The three-hour drive from Paro to Punakha crosses over Dochula Pass at 3100 meters – site of the Druk Wangyal Chortens. The 108 chortens (stupas) commemorate Bhutanese soldiers who died in the 2003 war against insurgents from India. The vast majority of photos I had seen prior to visiting Bhutan were of monasteries and mountains. The incredibly fertile valleys and lush landscapes were a total surprise. Punakha is located at 1200 meters which makes it an ideal first stop for flat landers (those who reside near or at sea level). There are two major rivers: the Mo (mother) and Pho (father) that provide ample water for irrigation. Continue reading “Bhutan | Picture Perfect Punakha”
The Kingdom of Bhutan has been on my must see list for 25 years. When I first heard about this jewel of a country nestled in the Himalayas between India and China, it had only recently opened to tourism. While it took me much longer than expected to finally make the trip, it was well worth the wait! Continue reading “Bhutan | Preview of Coming Attractions”
After visiting the quarry at Rano Raraku ( Rapa Nui | Seeing is Believing Pt I ), it’s time to explore the island to see how far and wide these monolithic statues traveled. No one knows for sure how the Moai were transported. NOVA’s Secrets of Easter Island provides an excellent overview of prominent theories. Continue reading “Rapa Nui | More Moai and Some Wild Horses”
Miles from nowhere – the nearest inhabited land is 1289 miles away – Rapa Nui (also known as Easter Island) is one of the most enchanting and remarkable places I have visited. In the tradition of great things coming in small packages, this 63 square mile triangular-shaped island has enough wonderful sites and activities to warrant spending at least a week. We barely scratched the surface with six full days of hiking, biking and exploring and hope to return one day. Continue reading “Rapa Nui | Seeing is Believing Pt I”
I had to restrain myself from subtitling this post “A Llama’s Eye View”! They are so engaging (from afar) and I couldn’t get enough of them. However, the real attraction at Machu Picchu is the amazing architecture. The citadel at Machu Picchu (which means Old Peak in Quechuan) dates to the mid-15th century when it was built under the aegis of Inca Sapa Pachacuti. (NB: The term Inca applies only to the rulers and the civilization; the indigenous people are Quechua.) Continue reading “Magnificent Machu Pichu – a Closer Look”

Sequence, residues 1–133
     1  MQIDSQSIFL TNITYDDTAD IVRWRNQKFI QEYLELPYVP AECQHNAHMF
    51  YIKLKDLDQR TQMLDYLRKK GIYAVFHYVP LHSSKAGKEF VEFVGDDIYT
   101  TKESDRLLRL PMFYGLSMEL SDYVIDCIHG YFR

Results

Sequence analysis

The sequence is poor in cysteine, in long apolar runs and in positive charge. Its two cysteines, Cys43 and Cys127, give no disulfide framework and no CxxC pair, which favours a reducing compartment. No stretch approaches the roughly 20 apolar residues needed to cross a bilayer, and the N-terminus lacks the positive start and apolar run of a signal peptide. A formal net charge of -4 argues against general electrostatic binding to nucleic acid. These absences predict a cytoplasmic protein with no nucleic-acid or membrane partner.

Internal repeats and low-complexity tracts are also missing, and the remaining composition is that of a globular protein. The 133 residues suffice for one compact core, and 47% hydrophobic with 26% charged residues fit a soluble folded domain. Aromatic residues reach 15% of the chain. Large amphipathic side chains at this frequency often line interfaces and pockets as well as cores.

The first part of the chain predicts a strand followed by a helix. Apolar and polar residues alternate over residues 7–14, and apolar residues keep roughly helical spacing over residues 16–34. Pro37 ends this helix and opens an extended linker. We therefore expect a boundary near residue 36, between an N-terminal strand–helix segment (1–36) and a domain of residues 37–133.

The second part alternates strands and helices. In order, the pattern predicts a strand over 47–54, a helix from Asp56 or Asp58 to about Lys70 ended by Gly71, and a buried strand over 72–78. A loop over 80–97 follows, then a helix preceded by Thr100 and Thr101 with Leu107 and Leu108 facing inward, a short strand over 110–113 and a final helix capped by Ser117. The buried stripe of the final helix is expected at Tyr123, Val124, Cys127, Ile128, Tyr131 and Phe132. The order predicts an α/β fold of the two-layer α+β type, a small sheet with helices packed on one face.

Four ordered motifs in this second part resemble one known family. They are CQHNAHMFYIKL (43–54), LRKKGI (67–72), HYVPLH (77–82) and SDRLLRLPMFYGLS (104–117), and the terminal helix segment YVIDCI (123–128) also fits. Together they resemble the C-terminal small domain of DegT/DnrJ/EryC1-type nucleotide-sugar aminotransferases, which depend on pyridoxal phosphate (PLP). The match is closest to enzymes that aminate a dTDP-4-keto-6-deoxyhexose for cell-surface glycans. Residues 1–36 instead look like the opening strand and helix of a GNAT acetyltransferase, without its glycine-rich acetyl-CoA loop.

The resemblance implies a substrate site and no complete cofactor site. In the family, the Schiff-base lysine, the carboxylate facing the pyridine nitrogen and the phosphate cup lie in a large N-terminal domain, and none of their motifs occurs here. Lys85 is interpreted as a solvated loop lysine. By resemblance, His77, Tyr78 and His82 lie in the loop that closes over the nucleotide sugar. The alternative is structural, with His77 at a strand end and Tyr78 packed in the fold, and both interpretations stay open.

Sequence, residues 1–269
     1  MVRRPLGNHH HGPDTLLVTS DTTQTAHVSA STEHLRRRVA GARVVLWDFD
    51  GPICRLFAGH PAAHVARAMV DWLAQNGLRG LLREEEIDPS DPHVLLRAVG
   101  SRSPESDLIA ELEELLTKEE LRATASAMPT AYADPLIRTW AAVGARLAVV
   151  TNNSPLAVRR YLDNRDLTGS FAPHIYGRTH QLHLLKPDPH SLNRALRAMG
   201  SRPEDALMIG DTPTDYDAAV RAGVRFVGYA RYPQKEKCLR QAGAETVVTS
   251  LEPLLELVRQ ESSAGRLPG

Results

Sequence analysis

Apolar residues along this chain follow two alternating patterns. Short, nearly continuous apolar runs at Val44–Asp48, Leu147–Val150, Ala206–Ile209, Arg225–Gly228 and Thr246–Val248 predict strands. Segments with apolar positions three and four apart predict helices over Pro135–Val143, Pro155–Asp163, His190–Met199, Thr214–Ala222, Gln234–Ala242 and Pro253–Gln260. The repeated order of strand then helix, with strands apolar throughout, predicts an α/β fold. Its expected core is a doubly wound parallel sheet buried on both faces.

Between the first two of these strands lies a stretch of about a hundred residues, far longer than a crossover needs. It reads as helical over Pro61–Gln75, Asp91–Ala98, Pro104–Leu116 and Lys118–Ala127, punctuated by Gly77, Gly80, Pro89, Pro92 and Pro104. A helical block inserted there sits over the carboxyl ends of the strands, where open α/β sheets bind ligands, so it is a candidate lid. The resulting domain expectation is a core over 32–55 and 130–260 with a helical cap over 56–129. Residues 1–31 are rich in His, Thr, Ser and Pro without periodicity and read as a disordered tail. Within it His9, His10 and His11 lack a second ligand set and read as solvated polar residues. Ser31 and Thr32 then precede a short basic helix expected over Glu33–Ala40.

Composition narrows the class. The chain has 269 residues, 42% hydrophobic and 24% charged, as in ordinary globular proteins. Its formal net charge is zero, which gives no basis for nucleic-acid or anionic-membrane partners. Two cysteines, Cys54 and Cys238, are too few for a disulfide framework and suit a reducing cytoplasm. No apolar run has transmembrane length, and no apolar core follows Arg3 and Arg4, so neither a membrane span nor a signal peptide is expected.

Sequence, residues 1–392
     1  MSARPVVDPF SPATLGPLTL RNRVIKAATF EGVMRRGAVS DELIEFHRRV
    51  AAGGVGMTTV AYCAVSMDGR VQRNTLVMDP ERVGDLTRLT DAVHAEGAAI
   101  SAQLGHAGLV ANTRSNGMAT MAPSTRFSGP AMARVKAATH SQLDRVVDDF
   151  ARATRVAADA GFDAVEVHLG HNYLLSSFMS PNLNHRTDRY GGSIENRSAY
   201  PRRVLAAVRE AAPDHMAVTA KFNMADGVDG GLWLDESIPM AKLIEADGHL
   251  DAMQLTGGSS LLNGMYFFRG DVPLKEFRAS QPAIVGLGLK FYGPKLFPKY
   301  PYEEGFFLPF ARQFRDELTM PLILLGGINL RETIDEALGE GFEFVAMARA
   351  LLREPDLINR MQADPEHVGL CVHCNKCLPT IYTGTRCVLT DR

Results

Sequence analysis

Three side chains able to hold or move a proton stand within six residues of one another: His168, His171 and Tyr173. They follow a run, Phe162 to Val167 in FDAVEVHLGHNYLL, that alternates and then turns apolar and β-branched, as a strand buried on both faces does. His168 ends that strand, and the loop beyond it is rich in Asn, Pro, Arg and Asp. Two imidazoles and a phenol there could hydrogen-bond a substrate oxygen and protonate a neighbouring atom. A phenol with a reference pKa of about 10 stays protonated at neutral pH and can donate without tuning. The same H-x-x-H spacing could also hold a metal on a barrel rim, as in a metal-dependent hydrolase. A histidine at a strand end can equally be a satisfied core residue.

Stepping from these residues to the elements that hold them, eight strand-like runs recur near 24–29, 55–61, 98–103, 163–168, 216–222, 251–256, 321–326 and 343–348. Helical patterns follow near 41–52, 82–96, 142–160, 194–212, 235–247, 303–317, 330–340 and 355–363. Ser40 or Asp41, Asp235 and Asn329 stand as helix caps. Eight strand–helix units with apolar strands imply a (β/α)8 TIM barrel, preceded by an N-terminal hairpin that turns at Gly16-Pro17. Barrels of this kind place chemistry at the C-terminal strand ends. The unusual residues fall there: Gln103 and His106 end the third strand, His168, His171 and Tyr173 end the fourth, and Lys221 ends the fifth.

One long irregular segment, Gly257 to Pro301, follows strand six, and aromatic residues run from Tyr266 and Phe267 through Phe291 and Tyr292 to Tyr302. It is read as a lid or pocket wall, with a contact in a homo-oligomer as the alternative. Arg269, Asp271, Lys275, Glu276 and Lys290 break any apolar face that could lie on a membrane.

There are two main ways to get to Machu Picchu with variations on each. You can hike for four-five days along the Inca Trail or you can take the train to Aguas Calientes followed by a bus ride or a moderately challenging 90-minute trek to the sanctuary.
After three days in the Sacred Valley, we opted for a hybrid route. We took the train from Ollantaytambo to the prosaically named Km 104 station (so-named because of its distance from Cusco). If you blink, or nod off, you could definitely miss it! Continue reading “Machu Picchu – Getting There is Half the Fun”
Peru’s Sacred Valley took my breath away – literally and figuratively. The valley floor is at 3000 meters above sea level outside of Pisac and descends over its 100 kilometers to just above 2000 meters near Machu Picchu. Also known as the Urubamba valley, its namesake river meanders the entire length and irrigates the otherwise arid region. Continue reading “Peru |Highlights of the Sacred Valley”
Many believe that January was named for Janus, the Roman god of gates and beginnings, usually portrayed with two faces: one looking back and other forward. It seems only fitting to begin this year with an overview of 2017 and some plans for 2018. With trips spanning four continents and including one of the most remote places on earth, 2017 was a banner year. Scroll down for highlights from the past twelve months and click on links for more info. Continue reading “2017 – a Wonder-Full Year”
Audubon Mural Project, Ai Wei Wei and Hockney – what more could an art lover ask for?
Continue reading Postcard from NYC